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Gone Like Flint

Irvine Baseball Coach Retires to Take Act on Road

May 23, 2000|BEN BOLCH

After addressing his team for the final time, Irvine Coach Bob Flint took a long, soulful walk alone in center field of the ballpark he helped construct with his own hands.

Flint's 21-year stay at one school touched so many so deeply that his recent retirement announcement touched off a funereal atmosphere. As he made his way toward the infield Friday, his wraparound sunglasses couldn't begin to conceal his emotions. Exhausted. Relieved. But also a bit sad that there was no more baseball to be played.

"I'm spent. I'm done," Flint said. "If we had another game tomorrow, I'd tell the kids, 'Let's go. We've got to go to war.' But the war is done."

The last two decades brought their share of joy and victories. They also took their toll. There were endless fund-raising drives to pay for equipment and facility improvements. There were thousands of hours spent weeding the field. And then there were the countless phone calls from parents angry about their son's lack of playing time.

Flint conceded that he is overwhelmed by it all. "It's time for something different."

So, for the next year or so, he is going to take it easy.

The veteran U.S. history teacher plans to visit some of the more celebrated places he has been telling his students about, such as Yorktown, Gettysburg and the beaches of Normandy.

Still, the question lingers: Is Flint gone for good?

After all, it's not going to be easy to say goodbye to all the players and the memories and the highlights.

Like the time Flint's team made it all the way to the Southern Section finals in 1992. Or the time his son, Jared, pitched a complete game against North Riverside to notch dad's 300th victory. Or the season soon-to-be major leaguer Bob Hamelin hit those mammoth home runs.

"I'm sure he's going to coach again somewhere," said Fountain Valley Coach Ron LaRuffa, whose Barons knocked Irvine out of the playoffs in the first round. "He's just meant so much to Orange County baseball."

Flint, who has a reputation as a straight shooter, said that maybe he'll come back in a couple of years as a Vaqueros assistant. Maybe not.

But it seems evident that baseball is going to remain a constant in his life.

Flint, 55, has already volunteered to serve as an assistant coach this summer for a team of 16- to 20-year-olds in the Czech Republic. He doesn't know many details, including the skill level of the players he'll be teaching. And it doesn't matter. He just wants to travel, have a good time and make new friends.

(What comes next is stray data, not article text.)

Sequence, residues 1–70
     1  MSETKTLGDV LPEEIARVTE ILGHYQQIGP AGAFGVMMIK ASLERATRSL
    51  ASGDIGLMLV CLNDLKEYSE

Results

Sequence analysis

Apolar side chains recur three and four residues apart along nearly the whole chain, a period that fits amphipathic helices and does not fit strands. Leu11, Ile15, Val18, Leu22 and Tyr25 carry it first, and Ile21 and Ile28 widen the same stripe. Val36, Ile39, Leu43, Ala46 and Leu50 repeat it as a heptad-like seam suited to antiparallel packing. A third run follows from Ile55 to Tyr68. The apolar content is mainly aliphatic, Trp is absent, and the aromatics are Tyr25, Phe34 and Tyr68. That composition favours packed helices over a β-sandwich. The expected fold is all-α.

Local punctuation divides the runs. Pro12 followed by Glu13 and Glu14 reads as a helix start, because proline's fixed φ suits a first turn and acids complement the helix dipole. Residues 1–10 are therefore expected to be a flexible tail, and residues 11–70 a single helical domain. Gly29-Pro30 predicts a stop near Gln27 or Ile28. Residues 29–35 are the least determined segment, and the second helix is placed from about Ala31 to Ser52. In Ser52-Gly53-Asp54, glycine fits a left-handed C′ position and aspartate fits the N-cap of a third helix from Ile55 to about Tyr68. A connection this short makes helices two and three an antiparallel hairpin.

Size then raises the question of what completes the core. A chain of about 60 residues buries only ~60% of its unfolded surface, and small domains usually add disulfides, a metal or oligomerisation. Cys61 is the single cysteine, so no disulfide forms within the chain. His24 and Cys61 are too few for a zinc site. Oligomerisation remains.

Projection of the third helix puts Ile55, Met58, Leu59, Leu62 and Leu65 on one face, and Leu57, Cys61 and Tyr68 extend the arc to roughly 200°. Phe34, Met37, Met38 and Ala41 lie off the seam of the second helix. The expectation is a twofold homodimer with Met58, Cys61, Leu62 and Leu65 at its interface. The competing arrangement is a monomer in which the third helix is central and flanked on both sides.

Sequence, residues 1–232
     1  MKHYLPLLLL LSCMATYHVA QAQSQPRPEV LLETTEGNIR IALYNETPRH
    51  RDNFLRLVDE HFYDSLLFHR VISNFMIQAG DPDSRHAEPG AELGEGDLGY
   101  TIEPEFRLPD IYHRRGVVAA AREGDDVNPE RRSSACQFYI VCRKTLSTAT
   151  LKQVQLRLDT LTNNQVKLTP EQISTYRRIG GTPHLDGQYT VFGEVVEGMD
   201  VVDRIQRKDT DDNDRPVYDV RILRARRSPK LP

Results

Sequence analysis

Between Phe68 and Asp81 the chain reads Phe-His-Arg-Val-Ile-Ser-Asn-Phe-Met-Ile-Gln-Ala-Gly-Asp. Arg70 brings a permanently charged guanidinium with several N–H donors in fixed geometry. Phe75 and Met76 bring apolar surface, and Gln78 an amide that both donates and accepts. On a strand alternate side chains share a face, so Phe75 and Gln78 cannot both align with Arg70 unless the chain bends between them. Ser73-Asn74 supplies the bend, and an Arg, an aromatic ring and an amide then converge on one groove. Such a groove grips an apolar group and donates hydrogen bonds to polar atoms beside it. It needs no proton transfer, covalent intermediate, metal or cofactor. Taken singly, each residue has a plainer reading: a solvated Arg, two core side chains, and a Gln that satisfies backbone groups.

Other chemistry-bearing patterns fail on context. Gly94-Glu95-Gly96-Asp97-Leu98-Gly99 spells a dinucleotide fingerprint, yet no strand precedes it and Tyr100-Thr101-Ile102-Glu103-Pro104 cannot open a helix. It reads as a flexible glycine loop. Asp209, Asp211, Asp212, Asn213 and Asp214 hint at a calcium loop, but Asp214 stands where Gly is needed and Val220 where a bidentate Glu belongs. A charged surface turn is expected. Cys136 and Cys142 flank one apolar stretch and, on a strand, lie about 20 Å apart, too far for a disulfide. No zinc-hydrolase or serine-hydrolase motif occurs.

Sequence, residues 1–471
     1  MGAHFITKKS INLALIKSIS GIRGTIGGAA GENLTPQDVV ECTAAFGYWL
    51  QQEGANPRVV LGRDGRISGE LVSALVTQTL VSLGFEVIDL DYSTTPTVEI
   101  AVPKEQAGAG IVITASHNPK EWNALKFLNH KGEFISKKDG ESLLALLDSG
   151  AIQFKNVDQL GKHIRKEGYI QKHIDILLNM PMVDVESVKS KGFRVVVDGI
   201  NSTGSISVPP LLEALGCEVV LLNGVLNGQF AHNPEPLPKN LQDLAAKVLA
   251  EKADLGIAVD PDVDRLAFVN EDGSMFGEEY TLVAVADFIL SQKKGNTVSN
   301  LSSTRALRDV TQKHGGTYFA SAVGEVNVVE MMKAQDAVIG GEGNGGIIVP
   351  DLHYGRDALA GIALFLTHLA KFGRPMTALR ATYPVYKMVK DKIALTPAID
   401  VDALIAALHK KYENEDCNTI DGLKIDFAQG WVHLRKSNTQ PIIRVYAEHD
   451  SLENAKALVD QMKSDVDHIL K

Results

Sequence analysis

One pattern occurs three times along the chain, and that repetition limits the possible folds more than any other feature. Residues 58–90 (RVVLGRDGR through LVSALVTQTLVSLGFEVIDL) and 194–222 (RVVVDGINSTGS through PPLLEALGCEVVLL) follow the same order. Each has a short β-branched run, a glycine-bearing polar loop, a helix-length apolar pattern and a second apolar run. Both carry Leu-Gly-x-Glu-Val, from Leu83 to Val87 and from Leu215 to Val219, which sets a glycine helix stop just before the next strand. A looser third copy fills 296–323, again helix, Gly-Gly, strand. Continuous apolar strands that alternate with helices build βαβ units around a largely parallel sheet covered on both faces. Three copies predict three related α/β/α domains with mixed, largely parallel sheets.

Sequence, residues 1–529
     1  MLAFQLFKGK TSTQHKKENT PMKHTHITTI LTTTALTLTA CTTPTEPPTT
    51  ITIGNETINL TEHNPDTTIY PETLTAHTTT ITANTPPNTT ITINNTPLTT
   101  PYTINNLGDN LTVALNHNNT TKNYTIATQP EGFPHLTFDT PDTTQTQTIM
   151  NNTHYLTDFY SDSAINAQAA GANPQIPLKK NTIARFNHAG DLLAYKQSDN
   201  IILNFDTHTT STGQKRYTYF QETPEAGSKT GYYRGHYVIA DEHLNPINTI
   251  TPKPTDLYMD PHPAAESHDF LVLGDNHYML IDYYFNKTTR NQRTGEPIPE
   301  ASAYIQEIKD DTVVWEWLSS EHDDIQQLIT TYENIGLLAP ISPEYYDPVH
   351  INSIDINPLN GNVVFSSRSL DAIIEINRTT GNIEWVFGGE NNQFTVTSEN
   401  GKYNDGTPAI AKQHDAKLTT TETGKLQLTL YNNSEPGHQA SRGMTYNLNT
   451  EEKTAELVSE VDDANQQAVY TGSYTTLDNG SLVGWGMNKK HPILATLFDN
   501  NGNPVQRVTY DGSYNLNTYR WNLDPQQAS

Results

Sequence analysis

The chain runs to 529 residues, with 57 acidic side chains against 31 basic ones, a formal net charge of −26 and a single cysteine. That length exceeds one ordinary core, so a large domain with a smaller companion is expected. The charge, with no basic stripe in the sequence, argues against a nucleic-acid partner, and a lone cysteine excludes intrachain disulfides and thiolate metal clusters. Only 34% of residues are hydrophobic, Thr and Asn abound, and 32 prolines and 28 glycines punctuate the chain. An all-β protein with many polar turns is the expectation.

Friendship is a theme that has prevailed throughout his career. It's not the 361-231 record or the eight Sea View League titles that matter, it's the fun he had building relationships with his players and coaches. Just the other day, Flint went out to lunch with players from the 1980 team, the first he coached at Irvine.

"That's the neat part. That's the real excitement," said Flint, a Western alum who coached at his alma mater for two years before coming to Irvine. "The wins and losses, they always go away. But friends always stay. It's been a 21-year relationship with people. I've just really enjoyed the players as they grow up."

Flint spent much of his final day as coach shaking hands with former players who showed up to see their mentor in action one last time. His teachings are still fresh in their minds.

"There's things I take from him now," said Nick Nikolenko, a former player who coaches junior varsity baseball at Santa Margarita. "You have to play baseball on one level: steady."

Flint was known for staying on an even keel--he was never thrown out of a game--and getting the most out of his players.

But he's most proud of his longevity.

"Principals and athletic directors need to do their best to hire someone who's going to be there and provide a consistent environment for the kids," he said. "We've done that. The kids know exactly what to expect.

"That's the most important thing because we couldn't control the talent we got. We couldn't control the umpires. We couldn't control who's pitching against us. But we could control ourselves.

"I'm really thrilled more than proud that I got to [coach so long at one place] because this is what I wanted to do."


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